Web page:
CA BOARD OF FORESTRY ADOPTS INTERIM STREAM
PROTECTION RULES: On 15 March the California Board of Forestry
adopted emergency rules from parts of a rule package, originally
published for 45-day notice on 28 January, to protect threatened and
endangered watersheds from logging impacts. The ESA listing of
steelhead and coastal coho directly implicates poor forestry practices as a
cause of habitat loss. The proposed rules sought additional logging
protections near all types of streams, but the final rule package watered
down those protections to include only larger fish bearing streams, and no
seasonal or upper watershed streams that nevertheless can be serious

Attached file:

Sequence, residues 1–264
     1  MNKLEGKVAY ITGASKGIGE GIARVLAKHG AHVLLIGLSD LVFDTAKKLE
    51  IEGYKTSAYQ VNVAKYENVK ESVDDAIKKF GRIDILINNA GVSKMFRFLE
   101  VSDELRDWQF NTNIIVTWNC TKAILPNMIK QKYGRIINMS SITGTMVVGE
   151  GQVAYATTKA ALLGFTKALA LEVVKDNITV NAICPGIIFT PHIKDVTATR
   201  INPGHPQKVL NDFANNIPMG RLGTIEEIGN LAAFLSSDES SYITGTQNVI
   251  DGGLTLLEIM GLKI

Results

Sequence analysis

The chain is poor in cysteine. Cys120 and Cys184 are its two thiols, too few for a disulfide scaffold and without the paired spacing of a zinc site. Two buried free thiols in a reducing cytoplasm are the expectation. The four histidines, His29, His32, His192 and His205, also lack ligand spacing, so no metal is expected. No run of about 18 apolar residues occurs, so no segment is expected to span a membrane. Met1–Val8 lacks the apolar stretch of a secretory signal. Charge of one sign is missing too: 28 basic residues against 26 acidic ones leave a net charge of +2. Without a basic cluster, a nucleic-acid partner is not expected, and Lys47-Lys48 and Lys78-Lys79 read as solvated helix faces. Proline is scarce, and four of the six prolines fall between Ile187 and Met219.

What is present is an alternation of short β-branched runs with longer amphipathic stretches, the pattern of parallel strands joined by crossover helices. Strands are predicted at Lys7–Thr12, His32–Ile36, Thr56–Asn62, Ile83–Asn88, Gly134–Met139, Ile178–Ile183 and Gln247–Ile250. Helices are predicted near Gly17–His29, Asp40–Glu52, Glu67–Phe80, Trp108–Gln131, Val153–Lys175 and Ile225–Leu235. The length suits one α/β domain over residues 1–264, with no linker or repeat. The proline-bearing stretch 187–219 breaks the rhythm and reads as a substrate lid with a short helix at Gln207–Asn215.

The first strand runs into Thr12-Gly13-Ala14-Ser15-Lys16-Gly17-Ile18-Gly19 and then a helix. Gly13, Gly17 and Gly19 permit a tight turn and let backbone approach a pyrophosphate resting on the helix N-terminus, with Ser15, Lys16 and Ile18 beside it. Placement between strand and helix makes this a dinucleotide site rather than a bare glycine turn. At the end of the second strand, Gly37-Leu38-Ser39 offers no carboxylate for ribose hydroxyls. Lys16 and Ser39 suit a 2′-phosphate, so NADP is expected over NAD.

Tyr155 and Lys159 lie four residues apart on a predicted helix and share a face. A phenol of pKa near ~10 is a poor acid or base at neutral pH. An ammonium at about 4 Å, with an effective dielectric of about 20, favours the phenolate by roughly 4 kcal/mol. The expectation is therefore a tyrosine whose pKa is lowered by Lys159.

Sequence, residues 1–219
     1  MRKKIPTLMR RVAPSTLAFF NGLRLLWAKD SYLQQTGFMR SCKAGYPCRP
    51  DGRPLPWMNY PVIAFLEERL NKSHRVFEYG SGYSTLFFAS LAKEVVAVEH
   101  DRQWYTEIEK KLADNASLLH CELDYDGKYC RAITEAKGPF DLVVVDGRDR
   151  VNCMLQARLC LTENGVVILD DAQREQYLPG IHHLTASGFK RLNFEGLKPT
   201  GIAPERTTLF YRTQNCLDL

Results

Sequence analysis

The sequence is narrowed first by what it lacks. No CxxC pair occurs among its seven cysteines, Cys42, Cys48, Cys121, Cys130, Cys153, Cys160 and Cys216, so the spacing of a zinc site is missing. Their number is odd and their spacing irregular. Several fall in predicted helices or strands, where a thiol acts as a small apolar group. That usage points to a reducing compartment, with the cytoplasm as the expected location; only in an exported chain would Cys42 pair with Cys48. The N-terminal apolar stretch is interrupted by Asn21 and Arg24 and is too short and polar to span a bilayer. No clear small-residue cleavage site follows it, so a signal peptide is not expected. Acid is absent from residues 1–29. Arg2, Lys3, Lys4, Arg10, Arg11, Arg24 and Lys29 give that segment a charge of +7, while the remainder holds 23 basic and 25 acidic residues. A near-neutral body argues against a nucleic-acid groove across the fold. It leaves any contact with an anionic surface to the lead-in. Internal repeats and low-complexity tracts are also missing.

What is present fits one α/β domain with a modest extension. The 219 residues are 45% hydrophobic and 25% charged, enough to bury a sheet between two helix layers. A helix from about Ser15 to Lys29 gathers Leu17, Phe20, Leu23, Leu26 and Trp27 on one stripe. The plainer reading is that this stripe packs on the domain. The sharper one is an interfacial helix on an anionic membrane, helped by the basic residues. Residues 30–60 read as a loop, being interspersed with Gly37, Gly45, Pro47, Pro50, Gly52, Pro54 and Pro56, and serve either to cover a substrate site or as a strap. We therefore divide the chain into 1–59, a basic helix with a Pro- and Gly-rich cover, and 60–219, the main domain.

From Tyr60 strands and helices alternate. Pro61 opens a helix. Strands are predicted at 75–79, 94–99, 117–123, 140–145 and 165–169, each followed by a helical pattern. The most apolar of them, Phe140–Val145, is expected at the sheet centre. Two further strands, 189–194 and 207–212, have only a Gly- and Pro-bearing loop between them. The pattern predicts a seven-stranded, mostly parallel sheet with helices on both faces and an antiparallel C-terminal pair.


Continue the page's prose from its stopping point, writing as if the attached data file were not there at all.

sources of hot water and sediment. The new interim rules require less
harvest in buffer zones for Class I (fish-bearing) streams and limit water
diversions and road construction. The originally proposed rules have been
criticized as being not much different than currently, and for relying on a
watershed analysis process in order to make future decisions that does not
yet exist. The proposed rules are at:
http://www.fire.ca.gov/bof/board/board_proposed_rule_packages.html
but the final emergency rules as adopted have not been posted as of the
date of this newsletter.

Excessive sediment loads from logging roads and clearcuts have
always been a major problem for salmon bearing streams. In a special
section in its January, 2000 issue (Vol. 14, Issue 1), Conservation Biology